Your Manchester Arndale memories as shopping centre celebrates 40th birthday


Today marks 40 years since the Manchester Arndale shopping centre was officially opened back on May 31st 1979 by HRH Princess Anne.

And celebrating the past 40 years has been making our readers feel rather nostalgic, ever since we shared our feature on the history of the centre earlier this week, and how it has changed over those four decades.  You’ve been sharing your memories on our Facebook page and we’ve loved reading them so much we thought we’d share some of the best ones here.

The shops we loved and lost

Credit: Manchester Arndale

Having been a stalwart of the region’s shopping scene for 40 years, the Arndale has hosted many of the UK’s biggest high street names, as well as quirkier stores that have been lost in the mists of time.  People fondly remember shopping at the old C&A, Dolcis and Chelsea Girl. Ami Clair Simon said: “I loved Dolcis back in the day! Everyone had school shoes from there!”

But it’s the Warner Brothers store – one of the flagship stores of the 1990s – that came up time and again as one of your favourites. People recall going into the Bat Cave inside and loving the cartoon characters that featured throughout the centre.  Susan Naylor said: “Loved the Warner Brothers store. Spent a lot of time in there. I miss that shop and the fountain.” Margaret Smith added: “My favourite shop was the Warner Brothers store, really good quality items”.  Rob Farrow speaks for many when he says: “Should never have got rid of the Warner Brothers fountain from the 90s.”

The wooden rhinos – or were they elephants?

Credit: Manchester Arndale

Lots of our readers have special memories of wooden animal sculptures that appeared in the centre in the 1970s and 80s.  Many of you remember a wooden rhino, although some seemed to think it was an elephant.  We’ve asked the Arndale and they have provided us with these photos (above) and, at the top of the page, the back end of one such creature. We think it’s pretty rhino-like on this evidence.   Margaret Rann said: “The animals outside Mothercare, the kiddies loved them.” Caroline Patten said: “Does anyone remember the big wooden rhino?? You used to be able to climb inside it.”

Reader Nick put it simply, saying: “Wooden rhino years were the best.”

Voyagers Food Court

Voyagers at the Arndale Centre 1990s Credit: Manchester Arndale

Before it become what we see today, the Arndale Food Court was known as Voyagers. And lots of you still refer to it as that to this day.  The escalators on Market Street were the main route up there, and used to have big old Voyagers signs too.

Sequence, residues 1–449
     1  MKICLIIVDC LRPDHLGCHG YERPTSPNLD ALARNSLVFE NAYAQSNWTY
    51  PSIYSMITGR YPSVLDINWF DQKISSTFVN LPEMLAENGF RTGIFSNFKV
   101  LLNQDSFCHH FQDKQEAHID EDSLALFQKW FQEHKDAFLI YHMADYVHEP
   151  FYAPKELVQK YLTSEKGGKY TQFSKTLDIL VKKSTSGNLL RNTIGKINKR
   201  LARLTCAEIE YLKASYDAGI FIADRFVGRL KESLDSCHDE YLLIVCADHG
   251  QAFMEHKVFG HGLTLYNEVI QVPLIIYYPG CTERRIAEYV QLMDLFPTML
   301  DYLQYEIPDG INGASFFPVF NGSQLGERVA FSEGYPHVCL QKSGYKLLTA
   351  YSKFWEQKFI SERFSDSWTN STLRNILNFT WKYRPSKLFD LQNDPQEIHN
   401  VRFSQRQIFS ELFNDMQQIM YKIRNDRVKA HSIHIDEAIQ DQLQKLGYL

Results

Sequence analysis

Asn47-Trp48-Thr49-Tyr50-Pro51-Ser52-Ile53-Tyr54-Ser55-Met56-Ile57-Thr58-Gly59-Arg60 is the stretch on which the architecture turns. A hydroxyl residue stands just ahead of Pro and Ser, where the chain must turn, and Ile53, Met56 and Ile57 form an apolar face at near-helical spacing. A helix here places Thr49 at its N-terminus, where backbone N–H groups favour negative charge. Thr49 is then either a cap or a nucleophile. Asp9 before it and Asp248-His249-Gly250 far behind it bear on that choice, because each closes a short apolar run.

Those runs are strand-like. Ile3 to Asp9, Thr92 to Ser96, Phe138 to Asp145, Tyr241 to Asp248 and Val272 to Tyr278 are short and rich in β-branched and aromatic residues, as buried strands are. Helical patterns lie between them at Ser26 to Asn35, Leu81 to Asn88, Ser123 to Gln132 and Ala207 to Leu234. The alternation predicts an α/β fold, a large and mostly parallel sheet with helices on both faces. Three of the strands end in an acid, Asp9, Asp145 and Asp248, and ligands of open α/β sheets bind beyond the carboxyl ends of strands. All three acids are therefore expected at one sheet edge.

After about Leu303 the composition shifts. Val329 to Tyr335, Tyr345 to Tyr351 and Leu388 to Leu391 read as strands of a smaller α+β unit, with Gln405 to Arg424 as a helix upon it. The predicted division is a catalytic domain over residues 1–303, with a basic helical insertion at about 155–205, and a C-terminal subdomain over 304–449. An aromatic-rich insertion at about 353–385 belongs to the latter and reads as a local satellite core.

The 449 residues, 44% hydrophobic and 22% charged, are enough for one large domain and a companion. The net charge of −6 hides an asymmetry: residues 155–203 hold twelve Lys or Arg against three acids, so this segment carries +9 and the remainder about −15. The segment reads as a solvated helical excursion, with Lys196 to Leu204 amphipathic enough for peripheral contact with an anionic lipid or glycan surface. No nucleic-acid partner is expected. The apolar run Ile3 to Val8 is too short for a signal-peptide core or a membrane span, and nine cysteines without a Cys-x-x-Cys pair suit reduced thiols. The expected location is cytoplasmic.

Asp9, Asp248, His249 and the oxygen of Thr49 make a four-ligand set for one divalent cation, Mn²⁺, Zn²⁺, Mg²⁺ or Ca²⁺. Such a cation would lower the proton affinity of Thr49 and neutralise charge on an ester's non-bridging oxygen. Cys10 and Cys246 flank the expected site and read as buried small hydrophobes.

It first opened as a £9m project in 1991 proving a real hit with shoppers in what was a halcyon era for the centre.  It certainly resonated with our readers.  Janet Davis wrote: “Yes! I still call the foodcourt Voyagers!!”

The aviary

Quite a few of you remember an actual bird aviary inside the Arndale Centre.  It was based near to the old bus station side of the Arndale on Cannon Street.  Alas, we’ve been unable to trace any photos, so if you have one do get in touch.

The underground market

It’s hard to believe that there was a massive underground market space that no longer seems to exist next to the Arndale.  The main access was via escalators on Brown Street, where the Tesco store currently stands on Market Street.  Readers remember heading down there for all sorts of fashion bargains. Reader Sam Leonard recalled: “Loved Dolcis and underground market where I purchased my Bros badges.”

The market closed in the late 80s as the main Arndale grew in popularity.  And of course it now has its own burgeoning market hall with local food and drink and retail stalls off High Street.

And of course those infamous tiles…

Arndale exterior 1970s

The unique cladding of the centre, with those buff yellow tiles, inspired plenty of unflattering comments over the years, including one wag hailing it: “the longest lavatory wall in Europe.”

Bev Mander recalled: “I always used to think the Arndale looked like a huge bathroom cos of all the tiles on the outside!” While Alison Claxton wrote: “One thing certainly hasn’t changed. The tower still looks like a god-sized urinal!”

In fairness, the majority of the tiles were removed amid the extensive refurbishment following the devastating 1996 IRA bomb.  And today’s Arndale is fronted by the light and airy glass-fronted New Cannon Street.

What are your favourite memories from the Manchester Arndale Centre?  Leave your comments below or on our Facebook page at I Love MCR.


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